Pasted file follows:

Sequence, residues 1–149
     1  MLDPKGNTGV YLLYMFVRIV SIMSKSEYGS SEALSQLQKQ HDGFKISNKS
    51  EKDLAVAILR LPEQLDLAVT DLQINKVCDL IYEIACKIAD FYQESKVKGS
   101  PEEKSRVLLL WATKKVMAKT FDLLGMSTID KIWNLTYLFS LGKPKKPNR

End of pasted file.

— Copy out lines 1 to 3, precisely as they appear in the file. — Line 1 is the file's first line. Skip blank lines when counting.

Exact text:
Sequence, residues 1–149
     1  MLDPKGNTGV YLLYMFVRIV SIMSKSEYGS SEALSQLQKQ HDGFKISNKS
    51  EKDLAVAILR LPEQLDLAVT DLQINKVCDL IYEIACKIAD FYQESKVKGS